Referring also to FIGS. 2 and 3, table top 18 can be described in greater detail. Present table tops are constructed with composite structure techniques which provide very high strength and very low x-ray absorption. An exemplary structure is composed of a Kelvar fiber and resin skin 22, forming a supporting surface 23 and enclosing an expanded foam inner core 24. The composite structure readily lends itself to the installation of a set of stable samples of reference materials, such as 26, 27, 28, 29, 30, 31, and 32. The samples of reference materials extend longitudinally along the table top adjacent the supporting surface 23. In this embodiment, the samples are enclosed within table top 18 under supporting surface 23.
The samples 26 through 32 are shown as cylindrical in shape and extend substantially along the entire length of table top 18. The samples have a diameter of approximately 5 cm and span approximately 1,000 pixels of the imaging system. However, smaller diameter samples are contemplated and the smallest possible samples should be used to minimize dose of the system. As one example of a set of samples of reference materials, various concentrations of dipotassium hydrogen phosphate solutions (K.sub.2 HP.sub.4) could be used for samples having attenuation coefficients close to bone. Plastics of lower attenuation coefficients (-25 to +25 H units) could be used for samples corresponding to fat and muscle. It is not absolutely necessary that the samples correspond to the exact anatomy of a patient, but, more importantly, that the precise attenuation coefficients be known for each of the samples. An exemplary set of samples was suitably evaluated in which samples 26 through 22 had respective attenuation coefficients of 1,023, 258, 177, 37, 94, 508, and 908, as measured in H units. The higher number samples could be used to monitor bone deterioration. The foregoing samples were prepared by the various concentrations of K.sub.2 HP.sub.4. Solid calibration samples are presently being developed by phantom manufacturing companies, such as RMI in Madison, Wisconsin, and ATS in South Norwalk, Connecticut. The solid calibration samples are composed of a variety of homogeneous synthetic or plastic materials.
Since each scan contains the reference materials, changes in body composition of the patient can be determined relative to the reference materials. Later scans can be analyzed independent of any drift in the performance of the system and independent of beam hardening effects provided the patient is scanned in the same position relative to the beam.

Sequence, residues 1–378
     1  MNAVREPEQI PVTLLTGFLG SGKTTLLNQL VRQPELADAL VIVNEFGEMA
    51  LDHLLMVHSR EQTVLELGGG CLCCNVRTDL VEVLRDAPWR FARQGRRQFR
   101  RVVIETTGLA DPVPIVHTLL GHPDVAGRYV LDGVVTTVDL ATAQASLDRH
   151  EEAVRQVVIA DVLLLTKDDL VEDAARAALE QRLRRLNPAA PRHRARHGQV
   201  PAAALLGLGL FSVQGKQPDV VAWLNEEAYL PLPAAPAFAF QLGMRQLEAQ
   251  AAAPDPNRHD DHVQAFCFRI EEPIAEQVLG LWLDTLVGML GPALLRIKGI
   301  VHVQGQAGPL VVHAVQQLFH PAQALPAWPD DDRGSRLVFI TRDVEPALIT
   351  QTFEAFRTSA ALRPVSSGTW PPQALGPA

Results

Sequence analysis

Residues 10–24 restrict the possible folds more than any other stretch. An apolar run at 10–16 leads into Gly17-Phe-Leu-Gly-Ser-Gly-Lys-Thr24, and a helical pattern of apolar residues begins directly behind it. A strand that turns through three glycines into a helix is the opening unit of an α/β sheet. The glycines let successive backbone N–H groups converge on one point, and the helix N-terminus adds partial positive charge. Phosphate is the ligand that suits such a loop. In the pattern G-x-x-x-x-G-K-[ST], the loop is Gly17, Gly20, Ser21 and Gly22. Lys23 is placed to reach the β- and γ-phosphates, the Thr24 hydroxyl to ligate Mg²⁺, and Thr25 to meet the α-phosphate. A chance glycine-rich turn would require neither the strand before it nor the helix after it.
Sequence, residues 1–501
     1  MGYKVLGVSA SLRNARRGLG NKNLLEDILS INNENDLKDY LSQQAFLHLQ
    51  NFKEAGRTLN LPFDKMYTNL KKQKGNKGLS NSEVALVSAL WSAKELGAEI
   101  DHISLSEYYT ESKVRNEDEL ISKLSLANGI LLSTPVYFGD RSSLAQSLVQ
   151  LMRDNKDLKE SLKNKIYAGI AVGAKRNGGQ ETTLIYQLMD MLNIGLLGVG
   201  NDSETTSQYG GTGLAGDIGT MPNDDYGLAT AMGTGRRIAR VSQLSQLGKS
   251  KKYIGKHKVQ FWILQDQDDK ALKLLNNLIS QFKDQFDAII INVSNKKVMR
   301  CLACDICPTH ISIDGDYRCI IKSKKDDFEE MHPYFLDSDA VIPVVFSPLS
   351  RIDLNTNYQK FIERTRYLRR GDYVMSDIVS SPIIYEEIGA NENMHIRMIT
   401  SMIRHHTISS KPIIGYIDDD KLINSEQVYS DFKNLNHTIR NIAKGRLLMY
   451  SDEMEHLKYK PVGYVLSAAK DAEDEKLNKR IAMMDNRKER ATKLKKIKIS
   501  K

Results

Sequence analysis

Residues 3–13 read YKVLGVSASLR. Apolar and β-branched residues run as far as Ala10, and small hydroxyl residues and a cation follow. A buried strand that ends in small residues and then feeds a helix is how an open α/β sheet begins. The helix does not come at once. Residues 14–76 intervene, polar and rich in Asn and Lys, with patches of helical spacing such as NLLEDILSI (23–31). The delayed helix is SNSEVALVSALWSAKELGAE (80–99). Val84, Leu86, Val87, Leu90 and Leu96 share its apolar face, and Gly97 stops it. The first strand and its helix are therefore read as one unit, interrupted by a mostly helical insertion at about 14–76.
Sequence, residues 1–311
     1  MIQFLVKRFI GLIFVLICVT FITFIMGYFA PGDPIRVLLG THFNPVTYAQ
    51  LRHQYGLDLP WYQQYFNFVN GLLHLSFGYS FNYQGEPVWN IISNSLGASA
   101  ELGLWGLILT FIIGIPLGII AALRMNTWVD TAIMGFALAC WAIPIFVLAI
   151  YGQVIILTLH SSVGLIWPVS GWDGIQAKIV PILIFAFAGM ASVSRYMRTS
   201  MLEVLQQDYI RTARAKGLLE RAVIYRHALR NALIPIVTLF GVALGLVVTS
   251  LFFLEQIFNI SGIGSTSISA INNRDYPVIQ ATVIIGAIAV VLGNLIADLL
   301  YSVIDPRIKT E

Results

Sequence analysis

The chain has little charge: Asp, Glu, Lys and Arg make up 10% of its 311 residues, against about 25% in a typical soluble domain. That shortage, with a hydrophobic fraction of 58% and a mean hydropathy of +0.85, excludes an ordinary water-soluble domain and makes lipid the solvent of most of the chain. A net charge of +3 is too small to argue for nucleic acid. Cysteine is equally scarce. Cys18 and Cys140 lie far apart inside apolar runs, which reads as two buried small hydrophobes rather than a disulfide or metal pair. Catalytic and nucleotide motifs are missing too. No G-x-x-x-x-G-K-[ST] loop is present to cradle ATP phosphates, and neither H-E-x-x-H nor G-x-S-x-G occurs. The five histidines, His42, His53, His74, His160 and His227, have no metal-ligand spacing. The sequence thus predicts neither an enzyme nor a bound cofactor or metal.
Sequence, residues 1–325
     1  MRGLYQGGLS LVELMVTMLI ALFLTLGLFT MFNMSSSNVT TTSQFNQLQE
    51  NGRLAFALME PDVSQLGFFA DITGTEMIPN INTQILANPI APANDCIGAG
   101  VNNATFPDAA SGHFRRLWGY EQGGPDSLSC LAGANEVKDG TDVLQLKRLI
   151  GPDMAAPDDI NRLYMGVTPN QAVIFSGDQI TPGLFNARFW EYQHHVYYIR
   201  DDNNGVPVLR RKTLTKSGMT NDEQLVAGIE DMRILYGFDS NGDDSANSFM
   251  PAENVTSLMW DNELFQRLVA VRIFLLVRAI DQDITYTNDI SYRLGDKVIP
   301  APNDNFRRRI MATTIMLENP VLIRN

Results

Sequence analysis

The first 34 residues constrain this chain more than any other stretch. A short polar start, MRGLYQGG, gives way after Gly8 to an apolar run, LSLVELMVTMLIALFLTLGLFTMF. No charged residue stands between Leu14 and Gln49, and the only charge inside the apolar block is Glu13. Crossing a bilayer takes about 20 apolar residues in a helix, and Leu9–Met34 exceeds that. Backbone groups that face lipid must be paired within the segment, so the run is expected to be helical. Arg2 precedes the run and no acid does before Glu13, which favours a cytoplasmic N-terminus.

Referring to FIG. 3A, there is shown an alternative embodiment in which the samples of reference materials 26' through 32' are positioned above the supporting surface of a different table top 34. Table top 34 is composed of a composite structure, as similarly described in reference to table top 18. A removable portion 36 is positioned on the upper surface of table top 34. The set of samples of reference materials is longitudinally disposed above the table top 34 and enclosed within the removable portion 36. Other sandwiched-type embodiments varying in size and shape could be utilized; however, the significant factor is that the sample of reference material be longitudinally disposed so that it will be included in each slice of the computed tomography analysis. It is important that the samples be fixedly positioned in precisely the same location where mounted on the table top.
FIG. 4 illustrates a reconstructed computed tomography image 38, showing the cross section of the patient 10 and the table top 18. It is apparent that the set of samples of reference materials 26 through 32 will be shown in each computed tomography scan of the patient. Each image can be readily calibrated by comparison to the known reference materials, or the image of patient 10 can be better understood by correlation to the known attenuation coefficients shown by the sample of reference materials. Subsequent scans, with the same table top in the same position, are independent of system changes and beam hardening effects are minimized. Standard calibrated table tops could also be used to compare computed tomography images at different times, or even on entirely different systems and still provide a standard correlation for analysis.
While specific embodiments of the present invention have been illustrated and described herein, it is realized that modifications and changes will occur to those skilled in the art. It is, therefore, to be understood that the appended claims are intended to cover all such modifications and changes as fall within the true spirit and scope of the invention.